Etymology
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warp (v.)

"to bend, twist, distort," Old English weorpan "to throw, throw away, hit with a missile," from Proto-Germanic *werpanan "to fling by turning the arm" (source also of Old Saxon werpan, Old Norse verpa "to throw," Swedish värpa "to lay eggs," Old Frisian werpa, Middle Low German and Dutch werpen, German werfen, Gothic wairpan "to throw"), from PIE *werp- "to turn, wind, bend" (source also of Latin verber "whip, rod"), from root *wer- (2) "to turn, bend."

Connection between "turning" and "throwing" is perhaps in the notion of rotating the arm in the act of throwing; compare Old Church Slavonic vrešti "to throw," from the same PIE root. The meaning "twist out of shape" is first recorded c. 1400; intransitive sense is from mid-15c. Related: Warped; warping.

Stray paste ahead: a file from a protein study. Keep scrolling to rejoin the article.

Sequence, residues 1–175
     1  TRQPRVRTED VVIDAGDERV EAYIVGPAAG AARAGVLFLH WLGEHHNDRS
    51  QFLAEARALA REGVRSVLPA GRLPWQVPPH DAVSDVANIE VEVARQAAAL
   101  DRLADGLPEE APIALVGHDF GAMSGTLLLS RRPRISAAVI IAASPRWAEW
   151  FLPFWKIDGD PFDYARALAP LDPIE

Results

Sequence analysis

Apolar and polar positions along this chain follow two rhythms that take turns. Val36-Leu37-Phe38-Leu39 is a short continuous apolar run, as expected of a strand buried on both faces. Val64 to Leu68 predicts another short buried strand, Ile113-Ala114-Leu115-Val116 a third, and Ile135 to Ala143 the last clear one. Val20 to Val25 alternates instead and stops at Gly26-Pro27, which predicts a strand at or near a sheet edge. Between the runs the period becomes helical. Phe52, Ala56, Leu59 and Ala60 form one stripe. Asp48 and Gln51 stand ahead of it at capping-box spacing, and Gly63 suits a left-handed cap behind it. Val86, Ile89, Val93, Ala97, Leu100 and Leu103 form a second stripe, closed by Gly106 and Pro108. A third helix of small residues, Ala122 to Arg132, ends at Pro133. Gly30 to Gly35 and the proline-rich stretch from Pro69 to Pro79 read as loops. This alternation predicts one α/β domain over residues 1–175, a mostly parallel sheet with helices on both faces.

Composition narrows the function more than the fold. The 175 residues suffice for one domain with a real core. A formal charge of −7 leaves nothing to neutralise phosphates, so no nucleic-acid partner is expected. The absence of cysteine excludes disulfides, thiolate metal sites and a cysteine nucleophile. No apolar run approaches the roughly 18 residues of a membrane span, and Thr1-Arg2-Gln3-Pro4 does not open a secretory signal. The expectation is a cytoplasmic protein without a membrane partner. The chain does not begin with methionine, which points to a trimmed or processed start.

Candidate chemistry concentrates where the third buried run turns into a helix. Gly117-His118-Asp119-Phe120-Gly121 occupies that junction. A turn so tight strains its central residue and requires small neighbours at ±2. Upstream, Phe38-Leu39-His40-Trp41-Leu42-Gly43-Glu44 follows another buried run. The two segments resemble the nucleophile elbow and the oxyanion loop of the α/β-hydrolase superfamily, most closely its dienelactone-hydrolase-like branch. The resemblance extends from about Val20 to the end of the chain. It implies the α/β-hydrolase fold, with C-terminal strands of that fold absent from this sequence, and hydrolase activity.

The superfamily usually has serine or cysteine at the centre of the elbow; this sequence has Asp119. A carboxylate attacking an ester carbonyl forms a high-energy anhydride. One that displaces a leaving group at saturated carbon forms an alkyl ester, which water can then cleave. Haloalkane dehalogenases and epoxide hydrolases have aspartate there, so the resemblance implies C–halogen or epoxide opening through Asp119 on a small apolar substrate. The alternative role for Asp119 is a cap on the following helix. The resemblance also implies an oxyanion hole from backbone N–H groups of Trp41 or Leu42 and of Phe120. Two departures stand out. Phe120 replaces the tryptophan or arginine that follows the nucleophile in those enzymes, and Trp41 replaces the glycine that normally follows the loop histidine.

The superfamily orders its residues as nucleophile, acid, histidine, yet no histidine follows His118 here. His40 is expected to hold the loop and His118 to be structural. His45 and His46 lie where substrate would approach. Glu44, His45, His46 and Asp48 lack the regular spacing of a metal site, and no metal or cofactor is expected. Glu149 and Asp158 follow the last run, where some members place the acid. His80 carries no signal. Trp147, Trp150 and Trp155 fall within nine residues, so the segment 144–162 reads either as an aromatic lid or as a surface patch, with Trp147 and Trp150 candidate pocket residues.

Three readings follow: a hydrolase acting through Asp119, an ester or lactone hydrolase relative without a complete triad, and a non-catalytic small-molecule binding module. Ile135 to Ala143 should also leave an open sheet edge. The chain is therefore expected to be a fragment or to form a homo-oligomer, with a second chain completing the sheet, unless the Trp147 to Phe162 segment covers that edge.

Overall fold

warp (n.)

"threads running lengthwise in a fabric," Old English wearp, from Proto-Germanic *warpo- (source also of Middle Low German warp, Old High German warf "warp," Old Norse varp "cast of a net"), from PIE *werp- "to turn, bend" (see warp (v.)). The warp of fabric is that across which the woof is "thrown." Applied by 1947 in astrophysics to the "bending" of space-time, and popularized in noun phrase warp speed (for faster-than-light travel) by the 1960s U.S. TV series "Star Trek."

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Definitions of warp
1
warp (n.)
a twist or aberration; especially a perverse or abnormal way of judging or acting;
Synonyms: deflection
warp (n.)
a shape distorted by twisting or folding;
Synonyms: buckle
warp (n.)
a moral or mental distortion;
Synonyms: warping
warp (n.)
yarn arranged lengthways on a loom and crossed by the woof;
2
warp (v.)
make false by mutilation or addition; as of a message or story;
Synonyms: falsify / distort / garble
warp (v.)
bend out of shape, as under pressure or from heat;
Synonyms: heave / buckle
From wordnet.princeton.edu